Spring 2023



Degree Name


Primary Advisor/Dissertation Chair

Dr. Michael Reynolds

Secondary Advisor/Reader One

Pa Der Vang

Peer-Reviewer/Reader Two

Caroline Hilk


Xiong-Chan, M. (2023). When You Look into the Mirror and See Nothing: Psychic Disequilibrium and its relationship with Impostor Phenomenon in Hmong Women Leaders in the United States.

Hmong have made considerable educational and socio-economic strides in the United States, post immigration after the Vietnam War. This has been achieved through significant challenges such as language, culture, discrimination, poverty and racism. This phenomenological study focuses specifically on Hmong women leaders in the United States and, through qualitative research, examines how psychic disequilibrium and impostor phenomenon have impacted their journeys. Using thematic analysis this study focused on the following research questions: How does psychic disequilibrium contribute to impostor phenomenon in Hmong American women’s professional ambitions? Secondary questions for this research include: What is the relationship between culture and identity within psychic disequilibrium among Hmong women and their leadership experiences in the United States? Data collection methods included an online in-take form to find participants and semi-structured interviews. There were six participants in the interview process who were geographically located in the Midwest and the Western United States. Findings suggest that cultural identity and gender play a significant role in how Hmong women experience feelings of belonging, failure and success and that Hmong women are better served as leaders by considering psychic disequilibrium to address these feelings than impostor phenomenon alone. Areas for future research include a study on the Hmong partners and husbands of these women, examining how culture and gender impact their lives as partners of professional Hmong women and expanding the study to include a larger sample of all female identifying Hmong women. (236 words)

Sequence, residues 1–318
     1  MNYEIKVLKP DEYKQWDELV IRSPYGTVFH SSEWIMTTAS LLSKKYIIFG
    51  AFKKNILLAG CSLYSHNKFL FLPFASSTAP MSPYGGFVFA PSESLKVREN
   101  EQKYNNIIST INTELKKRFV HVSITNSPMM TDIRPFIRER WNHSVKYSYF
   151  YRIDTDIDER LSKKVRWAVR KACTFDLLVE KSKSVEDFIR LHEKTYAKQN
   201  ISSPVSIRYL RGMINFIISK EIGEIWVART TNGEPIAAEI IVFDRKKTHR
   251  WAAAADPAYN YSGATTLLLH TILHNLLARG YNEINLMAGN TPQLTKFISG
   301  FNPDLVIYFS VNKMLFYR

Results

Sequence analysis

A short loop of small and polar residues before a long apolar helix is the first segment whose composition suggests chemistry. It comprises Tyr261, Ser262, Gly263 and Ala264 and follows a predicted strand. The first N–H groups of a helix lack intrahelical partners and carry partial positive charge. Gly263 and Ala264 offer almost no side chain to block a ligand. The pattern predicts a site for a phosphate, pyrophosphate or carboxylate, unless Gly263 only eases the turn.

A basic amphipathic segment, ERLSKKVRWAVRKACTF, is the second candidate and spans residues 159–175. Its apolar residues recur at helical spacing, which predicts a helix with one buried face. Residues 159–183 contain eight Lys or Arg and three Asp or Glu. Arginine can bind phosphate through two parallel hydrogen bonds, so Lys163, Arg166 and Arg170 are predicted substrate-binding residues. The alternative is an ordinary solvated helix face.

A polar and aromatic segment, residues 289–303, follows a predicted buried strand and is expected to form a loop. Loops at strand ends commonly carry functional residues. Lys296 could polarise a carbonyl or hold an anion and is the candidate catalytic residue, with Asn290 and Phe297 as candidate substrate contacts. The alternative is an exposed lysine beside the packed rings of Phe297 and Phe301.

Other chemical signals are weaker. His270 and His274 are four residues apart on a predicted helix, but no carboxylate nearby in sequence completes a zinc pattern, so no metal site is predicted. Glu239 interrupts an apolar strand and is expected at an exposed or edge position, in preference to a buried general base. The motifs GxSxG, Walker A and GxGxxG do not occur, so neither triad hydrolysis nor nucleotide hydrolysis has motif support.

Leadership, Multicultural Education, Social Justice








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